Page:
THE Joint Foreign Chambers (JFC) targets to generate $128 billion worth of foreign direct investments (FDI) by 2030, and noted that majority of these might be poured into the Energy sector.
“We set the target to $50 billion [in 2020] and now it’s at $78 billion. We have raised it. Make it a total of $128 billion by the end of 2030,” American Chamber of Commerce of the Philippines Inc. (AmCham) Executive Director Ebb Hinchliffe said at the press briefing for the 11th Arangkada Philippines Forum on Thursday.
In a joint statement, the seven members of the JFC said they expect the strong economic performance of the Philippines to continue on the back of the recent undertaking of reforms and policy directions that they believe “can provide significant opportunities for foreign investment, job creation, and improved services.”
On the “game-changing” liberalization reforms long-advocated for by the seven business groups and its partner Philippine business groups, the JFC said these are: the amendments to the Foreign Investments Act, Retail Trade Liberalization Act, and Public Service Act.
The foreign business groups are also banking on the reforms to develop “important” sectors of the economy such as the Creative Industries Development Act and the Electric Vehicles Development Act (EVIDA).
Moreover, the seven foreign chambers are counting on the revision of the Build Operate Transfer (BOT) Law implementing rules and regulations (IRR) to address private sector concerns and reinvigorate the public-private partnership (PPP) in the country; and the decision to allow IT and Business Process Management (IT-BPM) firms to implement alternative work arrangement without losing incentives.
On top of the above-mentioned key reforms that will attract investments, the seven foreign chambers hailed the opening up of the renewable energy sector to more foreign investments through a recent legal opinion by the Department of Justice (DOJ) and the amendment of the IRR of the Renewable Energy Act of 2008.
In fact, President of European Chamber of Commerce of the Philippines (ECCP) Lars Wittig said, “the most recent taking effect also this month, the implementing rules and regulations regarding sustainable energy… [is expected to] result in billion dollar investments from Europe alone.”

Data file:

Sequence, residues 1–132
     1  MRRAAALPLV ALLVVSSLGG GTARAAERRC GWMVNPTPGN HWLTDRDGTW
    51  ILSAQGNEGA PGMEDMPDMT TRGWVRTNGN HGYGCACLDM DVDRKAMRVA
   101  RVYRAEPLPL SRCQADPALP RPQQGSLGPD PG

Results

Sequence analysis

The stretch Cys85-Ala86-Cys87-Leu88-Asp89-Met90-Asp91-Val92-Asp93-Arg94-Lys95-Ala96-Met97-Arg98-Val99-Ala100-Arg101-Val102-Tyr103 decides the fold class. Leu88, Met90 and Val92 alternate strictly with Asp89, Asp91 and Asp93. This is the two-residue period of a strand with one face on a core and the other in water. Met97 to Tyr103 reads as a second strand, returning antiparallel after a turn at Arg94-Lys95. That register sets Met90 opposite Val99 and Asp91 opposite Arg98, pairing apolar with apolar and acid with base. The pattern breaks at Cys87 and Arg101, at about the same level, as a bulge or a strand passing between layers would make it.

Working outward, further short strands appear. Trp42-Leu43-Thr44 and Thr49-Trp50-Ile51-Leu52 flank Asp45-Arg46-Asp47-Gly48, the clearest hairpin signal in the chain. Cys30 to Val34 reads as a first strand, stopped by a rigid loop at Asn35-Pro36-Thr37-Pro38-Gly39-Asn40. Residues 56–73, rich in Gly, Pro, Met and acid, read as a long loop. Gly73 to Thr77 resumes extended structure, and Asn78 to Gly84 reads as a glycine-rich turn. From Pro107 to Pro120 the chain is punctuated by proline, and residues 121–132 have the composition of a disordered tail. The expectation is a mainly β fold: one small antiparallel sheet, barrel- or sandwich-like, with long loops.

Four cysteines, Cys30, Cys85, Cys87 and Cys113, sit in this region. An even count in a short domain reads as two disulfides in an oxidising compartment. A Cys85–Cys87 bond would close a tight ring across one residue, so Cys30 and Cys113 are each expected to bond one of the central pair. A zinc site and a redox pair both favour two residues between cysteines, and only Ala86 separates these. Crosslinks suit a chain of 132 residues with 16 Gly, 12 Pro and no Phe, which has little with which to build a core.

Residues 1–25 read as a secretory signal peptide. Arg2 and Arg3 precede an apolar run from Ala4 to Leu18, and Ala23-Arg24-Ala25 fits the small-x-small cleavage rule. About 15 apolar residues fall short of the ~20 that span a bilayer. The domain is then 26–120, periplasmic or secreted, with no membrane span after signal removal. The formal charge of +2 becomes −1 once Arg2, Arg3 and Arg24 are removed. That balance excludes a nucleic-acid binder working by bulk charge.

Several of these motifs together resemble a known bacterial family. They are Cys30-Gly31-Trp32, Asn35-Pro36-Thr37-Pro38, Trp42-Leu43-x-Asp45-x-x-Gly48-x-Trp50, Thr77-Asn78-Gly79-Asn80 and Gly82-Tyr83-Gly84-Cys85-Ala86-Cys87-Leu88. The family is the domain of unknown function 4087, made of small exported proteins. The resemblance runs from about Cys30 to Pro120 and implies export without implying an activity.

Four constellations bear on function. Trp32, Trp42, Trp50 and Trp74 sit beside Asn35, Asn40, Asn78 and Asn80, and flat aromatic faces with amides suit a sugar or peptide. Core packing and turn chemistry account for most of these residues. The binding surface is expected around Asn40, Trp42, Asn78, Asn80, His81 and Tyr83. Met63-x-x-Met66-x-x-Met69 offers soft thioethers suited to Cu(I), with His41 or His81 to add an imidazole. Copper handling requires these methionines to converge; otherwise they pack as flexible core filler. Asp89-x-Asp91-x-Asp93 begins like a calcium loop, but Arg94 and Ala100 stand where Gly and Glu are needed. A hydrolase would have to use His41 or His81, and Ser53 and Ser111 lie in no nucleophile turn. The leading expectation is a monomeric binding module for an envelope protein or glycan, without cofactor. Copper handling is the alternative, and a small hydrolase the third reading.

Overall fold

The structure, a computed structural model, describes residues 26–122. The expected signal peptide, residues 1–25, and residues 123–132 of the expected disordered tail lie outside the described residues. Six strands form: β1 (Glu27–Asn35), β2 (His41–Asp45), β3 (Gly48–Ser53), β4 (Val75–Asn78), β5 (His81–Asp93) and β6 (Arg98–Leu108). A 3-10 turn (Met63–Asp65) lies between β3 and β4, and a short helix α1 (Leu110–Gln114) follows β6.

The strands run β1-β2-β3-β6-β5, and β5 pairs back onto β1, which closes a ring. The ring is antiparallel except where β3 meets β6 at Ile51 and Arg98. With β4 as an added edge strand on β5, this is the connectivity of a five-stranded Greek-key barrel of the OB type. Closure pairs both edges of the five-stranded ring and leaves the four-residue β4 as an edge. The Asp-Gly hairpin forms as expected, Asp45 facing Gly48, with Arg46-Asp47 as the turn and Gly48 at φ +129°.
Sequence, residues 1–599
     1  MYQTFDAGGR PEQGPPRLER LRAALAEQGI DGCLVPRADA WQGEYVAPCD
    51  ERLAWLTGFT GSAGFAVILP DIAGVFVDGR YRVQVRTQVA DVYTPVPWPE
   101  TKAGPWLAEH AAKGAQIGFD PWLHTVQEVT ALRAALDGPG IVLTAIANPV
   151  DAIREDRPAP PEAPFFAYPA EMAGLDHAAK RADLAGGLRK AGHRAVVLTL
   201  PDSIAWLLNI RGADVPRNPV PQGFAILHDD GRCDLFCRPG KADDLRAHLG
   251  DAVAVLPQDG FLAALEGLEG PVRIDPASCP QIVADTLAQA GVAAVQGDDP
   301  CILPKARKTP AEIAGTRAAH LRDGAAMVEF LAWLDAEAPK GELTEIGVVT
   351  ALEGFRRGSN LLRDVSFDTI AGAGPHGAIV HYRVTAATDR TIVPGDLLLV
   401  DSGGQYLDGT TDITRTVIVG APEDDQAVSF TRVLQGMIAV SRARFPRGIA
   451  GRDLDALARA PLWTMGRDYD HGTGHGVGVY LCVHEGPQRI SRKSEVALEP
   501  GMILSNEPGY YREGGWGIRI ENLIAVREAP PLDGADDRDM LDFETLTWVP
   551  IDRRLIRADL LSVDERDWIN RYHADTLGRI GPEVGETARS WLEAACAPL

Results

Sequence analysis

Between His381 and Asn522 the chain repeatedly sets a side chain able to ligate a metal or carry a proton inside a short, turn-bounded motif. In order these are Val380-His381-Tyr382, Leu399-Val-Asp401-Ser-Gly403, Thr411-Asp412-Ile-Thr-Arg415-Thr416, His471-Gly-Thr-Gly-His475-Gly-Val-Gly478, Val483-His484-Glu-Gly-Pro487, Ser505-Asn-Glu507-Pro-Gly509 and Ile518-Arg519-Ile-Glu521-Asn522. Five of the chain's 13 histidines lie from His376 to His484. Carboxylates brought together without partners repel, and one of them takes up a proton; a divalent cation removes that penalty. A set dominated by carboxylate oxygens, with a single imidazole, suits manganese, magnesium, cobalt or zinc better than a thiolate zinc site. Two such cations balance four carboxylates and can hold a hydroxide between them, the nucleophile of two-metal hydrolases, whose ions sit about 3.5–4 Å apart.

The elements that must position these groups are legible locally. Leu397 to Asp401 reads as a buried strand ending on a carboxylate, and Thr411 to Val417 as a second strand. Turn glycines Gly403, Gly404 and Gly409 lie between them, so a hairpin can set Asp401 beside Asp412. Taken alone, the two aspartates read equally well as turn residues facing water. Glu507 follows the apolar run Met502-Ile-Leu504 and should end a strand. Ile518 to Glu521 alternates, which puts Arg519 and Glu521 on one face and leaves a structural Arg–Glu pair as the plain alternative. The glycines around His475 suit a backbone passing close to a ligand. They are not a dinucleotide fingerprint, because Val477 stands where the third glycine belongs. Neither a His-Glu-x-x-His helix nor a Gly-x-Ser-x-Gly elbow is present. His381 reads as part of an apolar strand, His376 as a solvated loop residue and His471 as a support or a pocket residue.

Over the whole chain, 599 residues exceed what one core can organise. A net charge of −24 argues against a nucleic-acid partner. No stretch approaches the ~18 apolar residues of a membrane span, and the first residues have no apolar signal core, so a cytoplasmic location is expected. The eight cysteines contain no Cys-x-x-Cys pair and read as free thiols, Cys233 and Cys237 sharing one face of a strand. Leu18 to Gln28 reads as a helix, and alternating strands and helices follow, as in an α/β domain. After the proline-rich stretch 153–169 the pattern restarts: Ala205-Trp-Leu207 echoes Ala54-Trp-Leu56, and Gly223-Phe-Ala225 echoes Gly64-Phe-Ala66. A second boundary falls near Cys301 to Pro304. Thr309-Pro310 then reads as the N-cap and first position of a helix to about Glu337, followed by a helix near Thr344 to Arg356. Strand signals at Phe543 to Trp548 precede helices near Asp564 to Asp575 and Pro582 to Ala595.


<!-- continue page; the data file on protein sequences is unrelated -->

Hinchliffe agreed that the recent amendments to the IRR of the Renewable Energy Act of 2008 will contribute a huge chunk to the investments that will come to the Philippines in the coming years, noting, “Energy will be a big part. I know there’s a lot of interest from the energy side especially as we shift away from coal…to more renewable energy. I think the recently issued IRR on renewable energy…that is bigger than [Public Service Act] PSA. Those are big, big projects…a lot of interest both from the US and Europe.”
Germans laud DOE
In a statement two weeks ago, the German-Philippine Chamber of Commerce and Industry (GPCCI) lauded the Energy department’s decision under Department Circular No. 2022-11-0034 to amend provisions of the said law to allow more foreign players to participate in the local renewable energy sector.
In a separate statement issued on the same day two weeks ago, the Makati Business Club (MBC), a Philippine business group, also lauded Department of Energy (DOE) Secretary Raphael P.M. Lotilla and his team at the DOE for issuing the circular.
“Because of our limited generation capacity, investments in RE will make us leapfrog to a power mix that is lower-cost, better for environment, and even win us a slice of the industry,” MBC Executive Director Francisco Alcuaz Jr. said in a recent statement.
For his part, Lotilla as the country’s Energy chief earlier underscored the country’s vast potential in renewable energy development. He said the easing of foreign equity restrictions in the RE sector will bring about increased investments in the sector, which he said would “certainly contribute to our economy, provide jobs to our people, and help meet the goal of increasing the RE in the power generation mix of 35 percent by 2030 and 50 percent by 2040.”
“With the impressive amount of interest the DOE has been receiving both from the local and foreign investors in RE development, particularly in the offshore wind potential, the State can now directly undertake the exploration, development, production and utilization of RE resources or it can enter into RE Service or Operating Contracts with Filipino and/or foreign citizen or Filipino and/or foreign-owned corporations or associations,” the DOE secretary said two weeks ago.
Meanwhile, Hinchliffe noted that apart from the Energy sector, the manufacturing and agriculture sectors have the potential to attract investments.
On manufacturing, the AmCham official said, “It’s coming. I think there’ll be more expansion in the semiconductor field, electronics. You got three huge semiconductor companies here.”
As for agriculture, he said, “Agriculture is a tremendous opportunity. That’s your ground zero. You can take much on the technology side of not just equipment but technology software. Those types of programs …help farmers and increase productivity.”
The JFC is a coalition of the American, Australian-New Zealand, Canadian, European, Japanese, Korean chambers and the Philippine Association of Multinational Companies Regional Headquarters Incorporated. It “supports and promotes” open international trade, increased foreign investment, and improved conditions for business to benefit both the Philippines and the countries the JFC members represent